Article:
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California DMV Selling Drivers’ Personal Information

In a case of “what are they thinking,” the California DMV has admitted that it sells drivers’ information to the tune of $50 million a year, according to an investigation by Motherboard. Motherb...
California DMV Selling Drivers’ Personal Information
Written by Matt Milano
  • In a case of “what are they thinking,” the California DMV has admitted that it sells drivers’ information to the tune of $50 million a year, according to an investigation by Motherboard. Motherboard used a public record acts request to find out how much the California DMV was being paid by companies for driver data, as well as who was buying it.

    “The responsive document shows the total revenue in financial year 2013/14 as $41,562,735, before steadily climbing to $52,048,236 in the financial year 2017/18.

    “The document doesn’t name the commercial requesters, but some specific companies appeared frequently in Motherboard’s earlier investigation that looked at DMVs across the country. They included data broker LexisNexis and consumer credit reporting agency Experian. Motherboard also found DMVs sold information to private investigators, including those who are hired to find out if a spouse is cheating. It is unclear if the California DMV has recently sold data to these sorts of entities.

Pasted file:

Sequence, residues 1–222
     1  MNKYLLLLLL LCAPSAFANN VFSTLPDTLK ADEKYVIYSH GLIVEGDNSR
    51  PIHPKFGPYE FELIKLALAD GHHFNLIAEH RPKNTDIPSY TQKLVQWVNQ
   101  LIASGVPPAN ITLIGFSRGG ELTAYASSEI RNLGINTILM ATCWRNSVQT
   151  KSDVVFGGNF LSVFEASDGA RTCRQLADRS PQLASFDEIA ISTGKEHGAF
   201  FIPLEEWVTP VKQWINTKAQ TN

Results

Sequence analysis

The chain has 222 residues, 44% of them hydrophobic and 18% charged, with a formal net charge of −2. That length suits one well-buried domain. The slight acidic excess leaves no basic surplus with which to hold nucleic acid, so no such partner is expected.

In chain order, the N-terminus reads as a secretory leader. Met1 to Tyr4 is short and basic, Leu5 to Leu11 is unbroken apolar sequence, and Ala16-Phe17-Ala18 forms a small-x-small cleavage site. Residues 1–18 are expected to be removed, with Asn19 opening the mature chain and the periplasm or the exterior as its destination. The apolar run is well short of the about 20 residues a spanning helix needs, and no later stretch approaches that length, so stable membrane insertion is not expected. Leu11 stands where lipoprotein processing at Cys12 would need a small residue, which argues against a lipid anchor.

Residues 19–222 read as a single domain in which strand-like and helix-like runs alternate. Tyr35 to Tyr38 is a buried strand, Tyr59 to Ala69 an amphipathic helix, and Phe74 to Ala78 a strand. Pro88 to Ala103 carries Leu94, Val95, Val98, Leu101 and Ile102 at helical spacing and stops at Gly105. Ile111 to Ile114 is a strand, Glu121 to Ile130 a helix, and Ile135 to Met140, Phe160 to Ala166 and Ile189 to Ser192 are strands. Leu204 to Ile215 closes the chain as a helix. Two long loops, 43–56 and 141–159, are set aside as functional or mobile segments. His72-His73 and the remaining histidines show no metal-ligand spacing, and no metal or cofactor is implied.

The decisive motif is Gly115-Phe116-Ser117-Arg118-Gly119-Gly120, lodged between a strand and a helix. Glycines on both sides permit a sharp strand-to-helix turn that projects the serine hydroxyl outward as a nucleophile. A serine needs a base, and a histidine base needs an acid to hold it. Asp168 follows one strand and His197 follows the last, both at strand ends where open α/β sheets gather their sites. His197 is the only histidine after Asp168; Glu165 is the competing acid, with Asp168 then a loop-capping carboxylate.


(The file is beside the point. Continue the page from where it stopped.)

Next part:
“In an email to Motherboard, the California DMV said that requesters may also include insurance companies, vehicle manufacturers, and prospective employers.”

    A spokesman for the DMV said that the money goes toward public and highway safety, “including availability of insurance, risk assessment, vehicle safety recalls, traffic studies, emissions research, background checks, and for pre- and existing employment purposes.”

    The DMV also said that any sale is in harmony with current legislation, and that it conducts regular reviews to make sure it sells data only to authorized entities.

    While it’s common practice for DMVs to sell driver information, California has made a name for itself as a more privacy-conscious state than most. For it to be profiting from private data is not a good look, and will likely be met with protest as it becomes more widely known.

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